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Teacher pension system back in Lansing's crosshairs

The Michigan Senate chamber. Democratic Party leaders will name a replacement tonight for their 20th district candidate.

A showdown is brewing in Lansing over the fate of teacher retirements. 

Teachers can currently choose between a full 401(k) type plan or a hybrid 401(k) and pension plan.

Many Democrats, like Senator David Knezek, oppose the legislation.

“We have example after example after example of why this doesn’t work,” he said. “Why it doesn’t make fiscal sense in the short term. Why it doesn’t make fiscal sense in the long-term. But what we are I think leaving out of that conversation is the real impact that it has on people’s lives.”

Knezek said teachers won’t find the new plans generous enough and worries it won’t attract new teachers to the state.

But Republican Representative and bill sponsor Thomas Albert said their plan will attract new teachers.

“[We] have a pretty big, looming teacher shortage right now,” he said. “So the status quo’s not working. The new generation wants mobility, my generation wants mobility, and this is what it gives them.”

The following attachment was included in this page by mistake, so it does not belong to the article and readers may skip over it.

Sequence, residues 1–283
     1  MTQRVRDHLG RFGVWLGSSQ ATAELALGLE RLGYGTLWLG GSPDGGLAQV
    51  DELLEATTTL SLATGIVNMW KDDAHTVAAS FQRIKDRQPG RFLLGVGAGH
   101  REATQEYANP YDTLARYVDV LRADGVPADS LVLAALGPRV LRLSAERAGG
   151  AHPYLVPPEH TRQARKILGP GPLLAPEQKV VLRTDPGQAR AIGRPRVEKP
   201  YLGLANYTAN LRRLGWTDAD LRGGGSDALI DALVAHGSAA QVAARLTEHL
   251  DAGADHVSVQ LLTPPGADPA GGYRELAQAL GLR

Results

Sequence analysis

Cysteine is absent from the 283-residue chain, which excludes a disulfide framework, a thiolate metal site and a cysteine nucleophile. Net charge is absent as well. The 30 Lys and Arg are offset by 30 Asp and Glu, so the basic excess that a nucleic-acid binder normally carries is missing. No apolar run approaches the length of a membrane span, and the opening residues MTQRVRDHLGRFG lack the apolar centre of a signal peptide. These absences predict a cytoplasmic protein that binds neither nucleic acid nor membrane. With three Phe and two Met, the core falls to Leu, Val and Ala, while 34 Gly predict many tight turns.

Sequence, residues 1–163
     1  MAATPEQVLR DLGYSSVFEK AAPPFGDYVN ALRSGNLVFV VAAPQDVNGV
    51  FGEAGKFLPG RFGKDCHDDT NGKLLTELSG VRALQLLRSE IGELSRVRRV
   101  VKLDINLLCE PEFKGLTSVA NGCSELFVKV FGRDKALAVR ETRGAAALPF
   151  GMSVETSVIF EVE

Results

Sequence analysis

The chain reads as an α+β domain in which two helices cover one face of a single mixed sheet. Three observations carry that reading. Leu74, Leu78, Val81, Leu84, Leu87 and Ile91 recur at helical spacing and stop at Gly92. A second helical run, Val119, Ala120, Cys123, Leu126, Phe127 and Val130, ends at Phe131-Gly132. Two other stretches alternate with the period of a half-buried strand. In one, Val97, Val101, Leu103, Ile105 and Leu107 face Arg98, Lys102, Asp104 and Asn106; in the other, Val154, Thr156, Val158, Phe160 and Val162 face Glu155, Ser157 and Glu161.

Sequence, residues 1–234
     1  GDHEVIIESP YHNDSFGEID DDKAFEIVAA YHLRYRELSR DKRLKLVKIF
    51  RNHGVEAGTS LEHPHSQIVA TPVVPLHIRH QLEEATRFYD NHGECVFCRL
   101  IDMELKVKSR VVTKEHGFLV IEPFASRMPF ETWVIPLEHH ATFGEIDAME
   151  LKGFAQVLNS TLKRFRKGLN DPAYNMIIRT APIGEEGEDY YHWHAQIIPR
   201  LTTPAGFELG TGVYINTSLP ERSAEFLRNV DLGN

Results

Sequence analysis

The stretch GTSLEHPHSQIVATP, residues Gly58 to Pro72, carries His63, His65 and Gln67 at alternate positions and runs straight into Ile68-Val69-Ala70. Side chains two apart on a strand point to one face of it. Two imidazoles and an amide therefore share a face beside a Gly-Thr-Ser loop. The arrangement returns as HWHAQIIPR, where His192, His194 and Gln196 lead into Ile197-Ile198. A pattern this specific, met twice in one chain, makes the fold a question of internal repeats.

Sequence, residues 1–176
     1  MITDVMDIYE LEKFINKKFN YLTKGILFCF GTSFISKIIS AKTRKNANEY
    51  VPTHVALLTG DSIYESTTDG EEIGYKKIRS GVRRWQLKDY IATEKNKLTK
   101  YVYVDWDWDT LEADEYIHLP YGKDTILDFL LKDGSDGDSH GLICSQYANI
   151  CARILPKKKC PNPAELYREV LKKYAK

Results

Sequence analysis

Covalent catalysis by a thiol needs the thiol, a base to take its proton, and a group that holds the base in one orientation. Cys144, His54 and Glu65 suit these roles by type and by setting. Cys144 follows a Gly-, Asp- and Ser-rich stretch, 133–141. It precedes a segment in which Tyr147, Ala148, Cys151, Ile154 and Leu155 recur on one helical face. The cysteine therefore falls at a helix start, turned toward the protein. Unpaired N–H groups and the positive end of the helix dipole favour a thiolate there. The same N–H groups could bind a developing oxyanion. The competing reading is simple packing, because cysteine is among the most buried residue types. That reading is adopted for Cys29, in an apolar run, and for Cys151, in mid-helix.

Governor Rick Snyder just might be an unlikely friend in the Democrats' corner. Snyder has pushed for the current hybrid plan and has said he wants to keep in place. He said the state’s retirement liabilities are on their way to being paid off by 2038. He’s also expressed concerns about the projected transition costs of a strictly 401(k) plan – the estimated costs range from $2.1 billion to $4.7 billion over five years.

But Senate Majority Leader Arlan Meekhof says he will continue talking to the governor.

“It’s negotiating and figuring out where we can land and find a way to give teachers a secure retirement going forward,” he said. “And we don’t agree on all the details – in fact we don’t agree on probably the biggest details but we’re gonna keep working on it.”

Before becoming the newest Capitol reporter for the Michigan Public Radio Network, Cheyna Roth was an attorney. She spent her days fighting it out in court as an assistant prosecuting attorney for Ionia County. Eventually, Cheyna took her investigative and interview skills and moved on to journalism. She got her masters at Michigan State University and was a documentary filmmaker, podcaster, and freelance writer before finding her home with NPR. Very soon after joining MPRN, Cheyna started covering the 2016 presidential election, chasing after Donald Trump, Hillary Clinton, and all their surrogates as they duked it out for Michigan. Cheyna also focuses on the Legislature and criminal justice issues for MPRN. Cheyna is obsessively curious, a passionate storyteller, and an occasional backpacker. Follow her on Twitter at @Cheyna_R
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